Joshua Reviews Jung Byung-Gil’s The Villainess [Theatrical Review]

In an age of almost weekly action films that either star The Rock or tell the story of a randomly chosen comic book character, modern action cinema is in a relatively awkward state. While there are certainly independent and foreign releases that are in some fashion evolving the language of action film making, much of what is thrust into theaters across this country is cookie-cutter, paint by numbers studio trash that couldn’t describe an original thought if it hit them square in the face.

Thankfully, this final weekend of August is one of those eventful weekends where independent theater chains in larger markets (specifically NY and LA this weekend, with more to come) finally get a hold of one of those above mentioned diamonds in the rough.

Entitled The Villainess, the film arrives in the dog days of summer as an absolute breath of fresh air that is at once almost thrillingly incoherent narratively and yet maybe the most inventive action picture of the last calendar year. More or less, director Jung Byung-Gil’s new film tells the story of a woman named Sook-hee (Kim Ok-vin), who we discover was born into a life as an assassin only to be tapped by the South Korean government to create a sleeper cell of sorts. After getting a new face through the collected efforts of the very best surgeons in the country, she’s given a new alias and ultimately a new lease on life. However, you through in a troublesome pregnancy and the arrival of a few interesting characters into her life, and you have a story that is both derivative and just the right setting for a film of almost cartoonish levels of aesthetic energy.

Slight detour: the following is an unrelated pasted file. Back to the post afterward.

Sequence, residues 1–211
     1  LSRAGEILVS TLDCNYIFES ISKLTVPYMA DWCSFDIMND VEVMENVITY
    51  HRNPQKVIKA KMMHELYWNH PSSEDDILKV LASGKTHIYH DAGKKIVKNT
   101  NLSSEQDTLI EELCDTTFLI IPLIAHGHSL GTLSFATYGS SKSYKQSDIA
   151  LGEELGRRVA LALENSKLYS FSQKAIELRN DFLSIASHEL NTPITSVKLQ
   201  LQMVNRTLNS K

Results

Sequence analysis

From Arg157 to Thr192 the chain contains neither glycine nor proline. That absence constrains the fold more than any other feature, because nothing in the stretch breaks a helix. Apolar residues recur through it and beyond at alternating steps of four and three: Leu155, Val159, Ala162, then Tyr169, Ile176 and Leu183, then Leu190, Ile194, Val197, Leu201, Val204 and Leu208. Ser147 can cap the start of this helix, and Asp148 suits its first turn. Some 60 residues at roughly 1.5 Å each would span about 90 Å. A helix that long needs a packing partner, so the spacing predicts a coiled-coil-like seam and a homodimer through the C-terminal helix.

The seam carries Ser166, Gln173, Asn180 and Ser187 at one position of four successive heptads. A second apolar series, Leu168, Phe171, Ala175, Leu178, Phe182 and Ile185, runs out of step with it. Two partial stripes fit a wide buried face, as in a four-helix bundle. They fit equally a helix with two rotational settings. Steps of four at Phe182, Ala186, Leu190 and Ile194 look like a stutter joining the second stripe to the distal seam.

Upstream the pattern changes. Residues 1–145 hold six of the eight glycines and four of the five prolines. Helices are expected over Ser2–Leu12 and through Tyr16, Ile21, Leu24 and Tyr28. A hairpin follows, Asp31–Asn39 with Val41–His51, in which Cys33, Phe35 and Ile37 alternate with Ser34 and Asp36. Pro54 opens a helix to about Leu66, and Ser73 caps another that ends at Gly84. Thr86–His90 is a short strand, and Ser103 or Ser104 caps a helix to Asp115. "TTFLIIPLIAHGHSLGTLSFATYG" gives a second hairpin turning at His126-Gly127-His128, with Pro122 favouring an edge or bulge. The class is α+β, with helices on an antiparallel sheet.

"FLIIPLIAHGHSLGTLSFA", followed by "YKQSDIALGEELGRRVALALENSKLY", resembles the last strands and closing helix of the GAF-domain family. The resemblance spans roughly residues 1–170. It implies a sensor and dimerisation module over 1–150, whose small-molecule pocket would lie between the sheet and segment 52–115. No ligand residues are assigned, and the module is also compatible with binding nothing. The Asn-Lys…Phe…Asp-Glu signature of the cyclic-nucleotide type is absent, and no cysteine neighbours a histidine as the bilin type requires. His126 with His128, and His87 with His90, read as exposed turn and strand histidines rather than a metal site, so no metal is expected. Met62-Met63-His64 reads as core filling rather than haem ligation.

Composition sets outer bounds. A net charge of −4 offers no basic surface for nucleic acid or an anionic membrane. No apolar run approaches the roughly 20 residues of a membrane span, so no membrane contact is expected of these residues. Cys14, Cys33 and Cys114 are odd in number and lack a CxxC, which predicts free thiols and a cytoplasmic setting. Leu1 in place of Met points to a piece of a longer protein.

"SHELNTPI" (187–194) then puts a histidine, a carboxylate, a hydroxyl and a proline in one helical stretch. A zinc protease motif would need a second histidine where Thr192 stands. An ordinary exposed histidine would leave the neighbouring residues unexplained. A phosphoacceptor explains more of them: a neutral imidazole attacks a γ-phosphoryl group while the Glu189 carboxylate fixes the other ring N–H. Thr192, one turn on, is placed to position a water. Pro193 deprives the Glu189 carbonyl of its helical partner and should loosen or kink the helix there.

From the very first sequence of the film, we the viewer are thrust into a world violence and revenge that we don’t quite have the capabilities to grasp. Not only is the central revenge plot utterly incoherent, but the action choreography is breathlessly anarchic. Opening like a coked up Lady In The Lake, The Villainess begins with (and will return to throughout the film) a first person perspective as who is revealed to be our lead tears her way through hordes and hordes of nameless thugs. It’s a glorious ballet of blood and violence, an uncompromising piece of action film making that is almost too baroque to even really describe as an action scene. In a world where an action film as blandly made and narratively tight as Baby Driver can become a critical darling, watching Byung truly experiment with his direction and his camera while giving us a narrative that’s at least attempting to experiment with the form is utterly captivating. Be it the opening sequence or a motorcycle-centered sword fight or what is easily the year’s best car chase, The Villainess is a profoundly thrilling piece of pure action cinema.

It also helps that, despite being caught in a story that makes little coherent sense, Kim Ok-vin’s lead performance is an absolute doozy. On par with any of the great modern action film performances, Kim Ok-vin is thrilling to watch, and while her commitment to the action sequences itself is commendable, it’s her commitment to the character that’s captivating. There’s a duality of self at play throughout the film, be it Sook-hee’s evolution as a stage performer or the fact that she is trying to start a new life without truly ending her past one, and while the film can’t ever truly get its sea legs narratively, this central performance has an uncertainty to it, an uneasy energy, that’s just the right spice needed for this film.

Film needs more films like The Villainess. Would it have been great to see the creative team behind this film put their talents to a piece with more intellectual substance? Sure. Of course. But 2017 has yet to give us an action film as purely thrilling as this one. Genuinely inventive action direction and choreography turn what is very little more than a convoluted revenge tale into a thrillingly absurdist experiment in film making centered around one of the year’s great acting discoveries.